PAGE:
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Have you seen Sambar deer?
Be on the lookout for Sambar deer and report it to Biosecurity Queensland. Early detection and reporting are the key elements in controlling Sambar deer.
Call us on 13 25 23.
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Native to the Indian subcontinent, Nepal and Sri Lanka, sambar deer are the largest deer found in Australia. Deer from Sri Lanka were originally released in Victoria in 1863; later releases came from India. This means the Australian population has mixed genetics from different sambar subspecies. As solitary animals they are not suitable for commercial deer farming, they can damage native and cultivated vegetation and pose a hazard to vehicles.
The sambar deer is a restricted invasive animal under the Biosecurity Act 2014.
- Axis deer, Indian spotted deer
- Large deer species, with stags standing about 130cm tall at shoulder and weighing up to 300kg, hinds smaller 115cm and weighing about 230kg.
- Coat is thick with a uniform brown colour.
- Throat, inner legs, stomach are light-buff colour.
- Ears are prominent, bat-like with light-buff inner colour.
- Tail is 25–30cm long, black with whitish underside.
- Stags carry 3-tined antlers, the outer top tine is usually the continuation of the main beam while the inner top tine is somewhat shorter, usually around 120cm long.
- Stags sound a loud honk when alarmed.
- Prefers tropical or subtropical climates.
- Adapts to a wide range of habitats, primarily living in woodland forests.
- Not found in the wild.
- Lives solitary.
- Breeding is non-seasonal, with seasonal peaks in May–June and from September–November.
- Adult hinds give birth after gestation of about 243 days.
- Usually only has a single calf, twins are rare.
- Agricultural crops, pasture, forestry plantations, gardens.
- Can damage natural environment by eating native vegetation, damaging trees, dispersing weed seeds, and fouling water.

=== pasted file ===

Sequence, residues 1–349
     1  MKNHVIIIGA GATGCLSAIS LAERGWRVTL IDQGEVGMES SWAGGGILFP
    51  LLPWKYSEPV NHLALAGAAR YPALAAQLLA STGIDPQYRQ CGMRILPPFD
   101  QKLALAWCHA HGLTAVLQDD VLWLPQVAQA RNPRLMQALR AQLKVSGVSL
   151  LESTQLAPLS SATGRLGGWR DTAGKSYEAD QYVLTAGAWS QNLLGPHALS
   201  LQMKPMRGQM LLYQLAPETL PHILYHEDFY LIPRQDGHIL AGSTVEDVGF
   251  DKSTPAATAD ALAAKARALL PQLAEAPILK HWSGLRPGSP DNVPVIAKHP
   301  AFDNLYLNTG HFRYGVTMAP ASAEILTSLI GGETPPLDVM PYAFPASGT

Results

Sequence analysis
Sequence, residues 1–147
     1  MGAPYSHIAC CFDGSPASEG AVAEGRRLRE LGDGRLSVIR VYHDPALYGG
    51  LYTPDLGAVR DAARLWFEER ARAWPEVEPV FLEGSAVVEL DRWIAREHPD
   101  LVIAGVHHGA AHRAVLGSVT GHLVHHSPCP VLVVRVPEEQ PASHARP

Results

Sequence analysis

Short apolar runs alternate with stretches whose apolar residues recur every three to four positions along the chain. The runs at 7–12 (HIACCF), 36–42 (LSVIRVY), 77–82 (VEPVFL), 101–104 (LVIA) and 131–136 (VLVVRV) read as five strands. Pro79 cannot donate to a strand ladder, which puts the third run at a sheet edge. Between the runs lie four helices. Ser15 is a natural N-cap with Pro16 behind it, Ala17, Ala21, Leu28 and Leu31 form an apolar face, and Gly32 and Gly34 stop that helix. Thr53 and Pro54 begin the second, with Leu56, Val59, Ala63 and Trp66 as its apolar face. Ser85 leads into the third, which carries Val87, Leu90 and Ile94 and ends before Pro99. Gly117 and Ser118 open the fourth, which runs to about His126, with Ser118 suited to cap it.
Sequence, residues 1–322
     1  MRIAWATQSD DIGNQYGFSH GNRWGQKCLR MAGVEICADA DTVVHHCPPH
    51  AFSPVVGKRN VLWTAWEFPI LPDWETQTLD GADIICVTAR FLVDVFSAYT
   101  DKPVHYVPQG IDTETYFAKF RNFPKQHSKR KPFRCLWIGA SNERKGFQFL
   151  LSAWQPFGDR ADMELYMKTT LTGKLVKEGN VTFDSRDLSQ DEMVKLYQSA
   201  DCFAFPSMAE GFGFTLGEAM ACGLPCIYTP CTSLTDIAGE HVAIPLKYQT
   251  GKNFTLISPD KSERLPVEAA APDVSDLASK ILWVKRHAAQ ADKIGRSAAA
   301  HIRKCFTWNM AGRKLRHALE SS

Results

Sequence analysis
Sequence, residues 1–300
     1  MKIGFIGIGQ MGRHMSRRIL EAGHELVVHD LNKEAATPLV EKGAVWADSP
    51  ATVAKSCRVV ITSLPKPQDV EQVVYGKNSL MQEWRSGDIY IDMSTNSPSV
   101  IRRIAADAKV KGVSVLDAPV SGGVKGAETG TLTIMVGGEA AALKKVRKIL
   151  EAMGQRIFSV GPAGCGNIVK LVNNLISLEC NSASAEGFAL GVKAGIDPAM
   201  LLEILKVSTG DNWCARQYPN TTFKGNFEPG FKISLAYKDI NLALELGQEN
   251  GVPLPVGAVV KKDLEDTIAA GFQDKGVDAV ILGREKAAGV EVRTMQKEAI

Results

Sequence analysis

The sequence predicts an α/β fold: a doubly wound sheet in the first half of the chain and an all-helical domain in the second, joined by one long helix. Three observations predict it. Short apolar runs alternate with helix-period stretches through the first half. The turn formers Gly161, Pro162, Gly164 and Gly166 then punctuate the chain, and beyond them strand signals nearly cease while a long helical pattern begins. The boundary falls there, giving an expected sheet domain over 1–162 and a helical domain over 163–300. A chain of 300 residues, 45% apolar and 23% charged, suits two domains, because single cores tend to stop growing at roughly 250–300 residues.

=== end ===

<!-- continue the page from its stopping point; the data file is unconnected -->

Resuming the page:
- Can damage forestry seedlings, agricultural and horticultural crops, commercial flower crops, orchards, irrigation systems, and fences.
- Sometimes selectively consumes new growth and ringbarks orchard trees, leading to reduced orchard viability.
- In dry seasons, competes with cattle for pasture and supplementary feed.
- Can be traffic hazard and cause car accidents in rural areas (generally not found near urban areas).
Preventing more deer from entering the wild is a key control strategy. Deer control is often best done as a joint exercise involving all land managers. Councils and Landcare groups can help coordinate efforts.
- Shooting must be carried out by trained personnel with appropriate firearms licences. Shooters must possess necessary skill and judgment to kill deer with single shot. Lactating females should not be targeted but, if they are inadvertently shot, young should be found and euthanased.
- Although time-consuming and labour-intensive, ground shooting is the most effective and humane technique for reducing deer populations. Usually done at night from vehicle with spotlights.
- Helicopter shooting is effective in inaccessible areas such as broadacre crops, swamps and marshes. However, most new deer populations in Queensland are at comparatively low densities and in areas of thick cover where helicopter shooting is unlikely to be an economical option. Helicopter shooting also risks disturbing and dispersing deer populations.
- Trapping may be an option for deer control in some circumstances. Simplest form involves self-mustering trap.
- Traps must be monitored and deer promptly tranquillised or euthanased after trapping. Deer mortalities of 3-7% post-trapping have been recorded in US studies, and animal welfare issues must be considered when using this method.
- The sambar deer is a restricted invasive animal under the Biosecurity Act 2014.
- All sightings of Sambar deer must be reported to Biosecurity Queensland within 24 hours of the sighting.
- By law, everyone has a general biosecurity obligation (GBO) to take all reasonable and practical steps to minimise the risk of escape of the animal until they receive advice from an authorised officer.
- It must not be moved, fed, given away, sold, or released into the environment.
- The Act requires everyone to take all reasonable and practical steps to minimise the risks associated with invasive plants and animals under their control. This is called a general biosecurity obligation (GBO).
- At a local level, each local government must have a biosecurity plan that covers invasive plants and animals in its area. This plan may include actions to be taken on certain species. Some of these actions may be required under local laws. Contact your local government for more information.
- Contact the Customer Service Centre
- Last reviewed: 8 Jun 2018
- Last updated: 18 May 2020